WASHINGTON — The entire U.S. health care system has been single-mindedly focused on getting Covid-19 vaccine shots in arms, but as the Delta variant spreads, the country’s decentralized vaccination campaign is presenting a different challenge — how to police people seeking unauthorized booster shots.
The buzz around booster shots for Covid-19 vaccines has intensified in recent weeks as Pfizer has sought approval for a third shot of its vaccine regimen, and Israel, the United Kingdom, and Germany have greenlit additional shots. Federal officials in the United States say that booster shots are not needed yet. But some anxious patients are nonetheless trying to get them — either by asking a health care provider willing to prescribe an extra shot, or by lying about their earlier vaccination.
That puts the onus on hospital systems to make prescribing policies, on vaccination sites to check people’s vaccine records, and insurers to decide whether they will cover vaccines outside of the Food and Drug Administration’s authorization.
The Centers for Disease Control and Prevention is just starting to track data about unauthorized booster shots, Director Rochelle Walensky said Monday. She said the government can discern the difference between second and third shots, and is encouraging people to report safety outcomes if they receive boosters, though they are not recommended.
“We have the capacity and are looking at those data right now,” Walensky said. The data are not yet public.
Many vaccination sites, including those at Walgreens and CVS, have explicit policies not to give additional shots to people who have been fully vaccinated. But they may not always be checking to ensure that that’s the case.
When patients arrive at vaccination sites, they usually have to fill out a consent form that asks whether they have been vaccinated before. In an ideal world, vaccinators would check the information on those forms against state vaccine registries to validate that patients are telling the truth.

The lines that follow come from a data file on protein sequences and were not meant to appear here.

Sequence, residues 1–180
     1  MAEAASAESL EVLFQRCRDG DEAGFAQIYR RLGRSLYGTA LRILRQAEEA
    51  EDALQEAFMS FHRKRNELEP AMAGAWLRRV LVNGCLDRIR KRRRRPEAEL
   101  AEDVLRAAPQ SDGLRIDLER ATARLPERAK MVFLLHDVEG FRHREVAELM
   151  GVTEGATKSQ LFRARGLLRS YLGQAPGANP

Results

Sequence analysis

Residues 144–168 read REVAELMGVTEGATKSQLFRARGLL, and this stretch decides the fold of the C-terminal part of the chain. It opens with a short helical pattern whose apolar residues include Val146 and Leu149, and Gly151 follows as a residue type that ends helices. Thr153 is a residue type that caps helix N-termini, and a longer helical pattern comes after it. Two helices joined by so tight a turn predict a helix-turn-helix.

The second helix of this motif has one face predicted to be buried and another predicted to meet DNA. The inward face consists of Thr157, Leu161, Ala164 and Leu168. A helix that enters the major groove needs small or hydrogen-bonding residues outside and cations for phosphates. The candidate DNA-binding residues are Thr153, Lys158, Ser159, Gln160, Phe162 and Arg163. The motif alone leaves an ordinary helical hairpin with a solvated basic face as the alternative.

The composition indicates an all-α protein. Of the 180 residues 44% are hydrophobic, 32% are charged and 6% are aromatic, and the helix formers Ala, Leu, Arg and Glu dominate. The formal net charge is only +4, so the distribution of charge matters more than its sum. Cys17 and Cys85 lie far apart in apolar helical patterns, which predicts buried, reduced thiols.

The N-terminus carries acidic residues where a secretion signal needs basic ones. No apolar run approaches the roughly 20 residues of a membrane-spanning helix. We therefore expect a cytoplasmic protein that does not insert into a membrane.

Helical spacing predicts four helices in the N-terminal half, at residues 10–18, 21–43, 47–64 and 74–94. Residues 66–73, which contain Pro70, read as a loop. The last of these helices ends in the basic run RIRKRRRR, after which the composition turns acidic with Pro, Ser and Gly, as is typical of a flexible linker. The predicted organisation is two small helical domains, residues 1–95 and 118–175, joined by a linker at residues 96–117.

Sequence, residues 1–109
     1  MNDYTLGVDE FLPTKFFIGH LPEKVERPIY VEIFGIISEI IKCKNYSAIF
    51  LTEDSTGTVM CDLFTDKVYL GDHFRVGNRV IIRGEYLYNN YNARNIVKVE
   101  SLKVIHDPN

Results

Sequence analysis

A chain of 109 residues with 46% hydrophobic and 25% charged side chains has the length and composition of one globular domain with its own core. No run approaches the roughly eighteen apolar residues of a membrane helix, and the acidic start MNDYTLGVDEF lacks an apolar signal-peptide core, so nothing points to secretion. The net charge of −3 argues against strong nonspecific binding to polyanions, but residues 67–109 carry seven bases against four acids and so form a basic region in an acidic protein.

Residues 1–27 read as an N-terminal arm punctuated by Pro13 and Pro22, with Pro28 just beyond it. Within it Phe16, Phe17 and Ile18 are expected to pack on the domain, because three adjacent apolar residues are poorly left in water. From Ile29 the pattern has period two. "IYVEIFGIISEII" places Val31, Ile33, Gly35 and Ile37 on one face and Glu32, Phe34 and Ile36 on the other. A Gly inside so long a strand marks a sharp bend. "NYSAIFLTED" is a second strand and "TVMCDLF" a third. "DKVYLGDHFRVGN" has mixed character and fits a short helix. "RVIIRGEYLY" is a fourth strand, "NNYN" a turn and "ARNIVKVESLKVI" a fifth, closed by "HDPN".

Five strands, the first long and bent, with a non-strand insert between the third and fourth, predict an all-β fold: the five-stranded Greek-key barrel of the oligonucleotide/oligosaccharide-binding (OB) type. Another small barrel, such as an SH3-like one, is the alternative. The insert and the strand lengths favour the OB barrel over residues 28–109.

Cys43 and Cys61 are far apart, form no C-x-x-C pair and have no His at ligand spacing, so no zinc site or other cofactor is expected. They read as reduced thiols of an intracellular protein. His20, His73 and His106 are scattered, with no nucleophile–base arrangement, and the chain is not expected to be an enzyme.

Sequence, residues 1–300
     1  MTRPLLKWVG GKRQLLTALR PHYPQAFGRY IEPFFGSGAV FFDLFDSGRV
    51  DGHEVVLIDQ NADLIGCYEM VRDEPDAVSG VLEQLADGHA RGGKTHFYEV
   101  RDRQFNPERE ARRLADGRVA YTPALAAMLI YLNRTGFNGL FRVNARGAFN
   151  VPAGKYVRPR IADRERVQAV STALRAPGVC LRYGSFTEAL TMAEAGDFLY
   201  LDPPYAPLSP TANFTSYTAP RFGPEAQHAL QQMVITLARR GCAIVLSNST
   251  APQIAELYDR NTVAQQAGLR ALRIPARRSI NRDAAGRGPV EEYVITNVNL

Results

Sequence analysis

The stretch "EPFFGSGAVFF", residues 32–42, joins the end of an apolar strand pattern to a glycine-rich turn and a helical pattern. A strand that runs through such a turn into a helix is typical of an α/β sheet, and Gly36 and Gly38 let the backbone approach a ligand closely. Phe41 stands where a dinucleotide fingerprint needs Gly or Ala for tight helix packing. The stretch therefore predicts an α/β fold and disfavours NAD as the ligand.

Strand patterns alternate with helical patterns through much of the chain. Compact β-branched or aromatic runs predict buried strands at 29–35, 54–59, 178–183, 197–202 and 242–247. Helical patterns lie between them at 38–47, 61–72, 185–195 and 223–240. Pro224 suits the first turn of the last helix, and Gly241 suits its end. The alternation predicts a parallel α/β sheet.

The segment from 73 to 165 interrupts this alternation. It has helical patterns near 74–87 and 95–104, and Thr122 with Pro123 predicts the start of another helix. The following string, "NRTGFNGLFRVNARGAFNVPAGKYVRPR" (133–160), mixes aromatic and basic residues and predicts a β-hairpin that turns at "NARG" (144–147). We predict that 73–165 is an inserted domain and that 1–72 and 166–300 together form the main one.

“For this idea of boosters, it’s going to be hard to control. You just have to rely on local public health departments and local providers to prevent that from happening,” said Ajay Sethi, an associate professor of population health sciences at the University of Wisconsin-Madison.
In reality, some states don’t require that providers administering the shots check beforehand, and the Covid-19 vaccination mobilization brought in many new providers who may be doing the bare minimum, said Rebecca Coyle, executive director of the American Immunization Registry Association.
Because vaccine supplies have been so plentiful in recent weeks, ensuring patients aren’t overloading on vaccines hasn’t necessarily been top of mind for providers, Coyle said.
“Reviewing a person’s history before administration has been the best practice for many years,” Coyle said. “It’s time for a conversation about, ‘Maybe I should do that,’ as it hasn’t been on everyone’s minds yet.”
If pharmacists don’t check immunization records and a patient receives an unauthorized shot, that could leave providers without payment if insurers deny the claim.
“They don’t have any incentive to say, ‘Hey, come get your third dose,’” said Kurt Proctor, senior vice president of strategic initiatives at the National Community Pharmacists Association.